Preferably also the series of showers and baffles lining each wall 55 and 56 are inclined, to provide a funnel entrance with wet, sloping forward and rearward walls which will contact dry broke festooning in the opening and hydrate the same in advance of the nip while urging the broke toward the nip.

Pulp extraction means 108 is provided in each broke pulper 44 and 47, including a pulp screen 189 extending across the pulping chamber 58, the screen 109 dividing the pulping chamber into the upper portion 59 and the lower pulp collection portion 60. The screen 109 is shaped and curved to conform to the path of the outer faces of the teeth and 86 on the rolls 66 and '77 at a predetermined spaced distance therefrom of about one sixteenth to one eighth inches. It is of substantially double cylindrical configuration with the central portion 110 just in rear of, or below, the exit throat of the toothed nip 77, thence extending around and substantially encircling each roll to terminate in advance of or above,

the entrance throat of the nip in a forward edge 111' spaced from a rearward edge 112 to define a restricted opening or throat 113. The edges 111 and 112 merge with the bottom edges of the forward and rearward funnellike liquid curtain walls so that broke is flushed into the throat 113 and thence into the entrance throat of the nip 77. The perforations 114, or meshes, of the screen 189 are spaced apart in spaced circumferential rows aligned with the tips 115 of the teeth of the rings so that the teeth continually clear the perforations of any large fragments and the hydrated fragments are macerated into slush, or pulp, between'the tips of the teeth and the screen 109.

In the embodiment illustrated, the speed of the web is about twelve hundred feet a minute and the surface speed at the tips 115 is thirteen hundred feet per minute, the rotational speed of the toothed rolls imparting considerable centrifugal force to the hydrated fragments carried around the screen thereby forming a centrifugal screen which forces pulp of the desired consistency through the perforations into the chamber 60. The teeth, of course, also tend to push or squeeze the fragments through the screen thereby reducing the size of the fragments to a pumpable slush-like consistency.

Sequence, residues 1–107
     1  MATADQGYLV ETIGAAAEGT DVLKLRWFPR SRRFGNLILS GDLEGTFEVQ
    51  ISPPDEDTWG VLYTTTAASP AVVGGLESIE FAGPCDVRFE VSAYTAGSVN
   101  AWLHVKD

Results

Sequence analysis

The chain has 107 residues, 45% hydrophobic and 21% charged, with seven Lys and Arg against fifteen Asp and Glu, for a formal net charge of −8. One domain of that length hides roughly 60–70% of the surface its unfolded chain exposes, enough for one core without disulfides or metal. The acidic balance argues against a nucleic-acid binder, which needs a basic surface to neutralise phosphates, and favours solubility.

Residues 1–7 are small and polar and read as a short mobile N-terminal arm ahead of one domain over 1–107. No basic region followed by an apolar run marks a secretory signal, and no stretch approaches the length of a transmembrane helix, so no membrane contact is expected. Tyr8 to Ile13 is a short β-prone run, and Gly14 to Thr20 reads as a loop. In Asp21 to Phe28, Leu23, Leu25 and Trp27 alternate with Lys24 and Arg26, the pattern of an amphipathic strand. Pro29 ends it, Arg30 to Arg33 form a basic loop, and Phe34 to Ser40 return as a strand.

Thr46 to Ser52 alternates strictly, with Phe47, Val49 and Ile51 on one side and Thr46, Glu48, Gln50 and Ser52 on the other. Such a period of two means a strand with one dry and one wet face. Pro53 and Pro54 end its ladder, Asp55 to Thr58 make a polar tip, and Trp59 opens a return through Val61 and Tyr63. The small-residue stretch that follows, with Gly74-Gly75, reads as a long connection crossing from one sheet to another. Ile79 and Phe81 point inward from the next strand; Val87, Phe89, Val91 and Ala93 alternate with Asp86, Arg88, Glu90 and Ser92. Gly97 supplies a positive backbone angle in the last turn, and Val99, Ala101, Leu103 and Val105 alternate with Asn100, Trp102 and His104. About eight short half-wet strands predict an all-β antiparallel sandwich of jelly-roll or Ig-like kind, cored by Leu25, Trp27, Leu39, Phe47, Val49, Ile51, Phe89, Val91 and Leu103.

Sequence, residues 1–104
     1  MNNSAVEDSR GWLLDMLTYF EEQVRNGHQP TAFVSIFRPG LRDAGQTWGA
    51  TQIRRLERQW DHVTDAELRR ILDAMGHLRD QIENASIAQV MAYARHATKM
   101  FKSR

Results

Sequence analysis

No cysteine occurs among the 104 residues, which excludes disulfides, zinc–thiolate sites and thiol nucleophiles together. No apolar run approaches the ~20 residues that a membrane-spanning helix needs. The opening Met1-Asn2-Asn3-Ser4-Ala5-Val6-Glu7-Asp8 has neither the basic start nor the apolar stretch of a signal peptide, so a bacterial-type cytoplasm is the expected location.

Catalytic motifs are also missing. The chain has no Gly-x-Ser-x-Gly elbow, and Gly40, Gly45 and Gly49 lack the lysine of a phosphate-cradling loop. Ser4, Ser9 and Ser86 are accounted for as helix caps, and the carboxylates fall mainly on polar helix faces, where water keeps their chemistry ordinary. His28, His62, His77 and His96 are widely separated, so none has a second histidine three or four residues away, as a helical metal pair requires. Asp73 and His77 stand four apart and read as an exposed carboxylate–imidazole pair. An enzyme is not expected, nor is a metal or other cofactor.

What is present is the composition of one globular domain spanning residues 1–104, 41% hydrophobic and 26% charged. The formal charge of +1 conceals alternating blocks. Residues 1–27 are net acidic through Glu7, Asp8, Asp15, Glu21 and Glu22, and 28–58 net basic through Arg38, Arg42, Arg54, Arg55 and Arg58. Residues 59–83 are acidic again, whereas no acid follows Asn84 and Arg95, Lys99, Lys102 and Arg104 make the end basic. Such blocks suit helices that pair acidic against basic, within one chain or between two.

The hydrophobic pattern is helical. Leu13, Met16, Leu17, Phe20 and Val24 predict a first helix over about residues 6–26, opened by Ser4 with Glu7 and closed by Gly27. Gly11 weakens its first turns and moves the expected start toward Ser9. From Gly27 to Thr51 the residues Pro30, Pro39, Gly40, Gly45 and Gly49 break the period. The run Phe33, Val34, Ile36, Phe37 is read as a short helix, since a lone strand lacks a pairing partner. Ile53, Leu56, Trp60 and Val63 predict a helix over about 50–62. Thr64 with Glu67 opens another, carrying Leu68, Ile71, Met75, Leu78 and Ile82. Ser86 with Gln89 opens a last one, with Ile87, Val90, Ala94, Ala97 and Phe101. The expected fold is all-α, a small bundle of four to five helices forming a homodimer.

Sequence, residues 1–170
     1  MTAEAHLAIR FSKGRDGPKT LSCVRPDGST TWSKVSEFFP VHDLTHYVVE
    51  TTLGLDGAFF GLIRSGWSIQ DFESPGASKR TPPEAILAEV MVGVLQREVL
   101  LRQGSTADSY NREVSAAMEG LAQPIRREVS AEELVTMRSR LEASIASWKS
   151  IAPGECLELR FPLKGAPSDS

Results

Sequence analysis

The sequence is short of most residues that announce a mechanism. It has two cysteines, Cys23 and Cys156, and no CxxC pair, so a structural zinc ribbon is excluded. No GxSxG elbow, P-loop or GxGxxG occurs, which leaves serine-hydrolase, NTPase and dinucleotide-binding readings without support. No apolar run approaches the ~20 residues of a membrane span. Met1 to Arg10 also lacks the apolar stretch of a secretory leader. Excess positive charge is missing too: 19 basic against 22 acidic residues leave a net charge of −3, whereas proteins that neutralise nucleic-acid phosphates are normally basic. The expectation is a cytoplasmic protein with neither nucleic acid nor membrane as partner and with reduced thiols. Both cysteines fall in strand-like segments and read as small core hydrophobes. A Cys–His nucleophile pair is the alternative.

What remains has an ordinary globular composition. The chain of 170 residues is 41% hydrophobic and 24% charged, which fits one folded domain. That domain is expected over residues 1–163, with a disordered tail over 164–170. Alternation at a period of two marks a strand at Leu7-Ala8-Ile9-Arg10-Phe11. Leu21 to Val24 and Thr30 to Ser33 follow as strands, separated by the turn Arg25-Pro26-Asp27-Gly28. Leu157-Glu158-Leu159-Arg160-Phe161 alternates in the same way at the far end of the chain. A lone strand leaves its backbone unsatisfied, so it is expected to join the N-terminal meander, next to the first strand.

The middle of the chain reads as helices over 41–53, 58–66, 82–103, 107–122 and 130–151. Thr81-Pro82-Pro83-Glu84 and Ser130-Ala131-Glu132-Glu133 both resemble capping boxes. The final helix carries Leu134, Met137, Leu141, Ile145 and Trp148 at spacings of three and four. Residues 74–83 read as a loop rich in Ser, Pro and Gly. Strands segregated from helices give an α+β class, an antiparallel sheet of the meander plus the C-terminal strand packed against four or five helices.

Pulp extraction means 108, also includes a suitable suction pump 116 and drive means 117, for continuously extracting the pulp, screened out of chamber 59 into chamber 60, through the outlet 62 and back into the stock supply system or into the broke chest 118.

As illustrated diagrammatically in FIG. 2, each pulper 4-4 or 47, includes a break sensing device such as the photo cell 120, whereby a broken paper web will actuate the automatic controller 121. Controller 121, through suitable electric circuits, energizes the drive means 74 to actuate the pulping means 65, energizes the drive means 117 of the pump 116 and actuates the valve 122 for supplying liquid to the shower pipes of the liquid supply means. A second pump 123 in a by-pass line 124 may be provided, there being suitable stock valves 125 and 126 in the pump lines operated by the controller 121 and a consistency regulator 127 in the line 124.

From a method single pass point of view, the invention makes use of a pair of toothed rolls, first by flushing the pre-wetted broke into the roll nip, then shredding,

bined centrifugal screening step and pulp extraction step whereby pulp of a pumpable consistency is collected and pumped away from under the machine.

I claim:

1. A broke pulper for disposing of paper web broke in a paper making machine, said pulper comprising: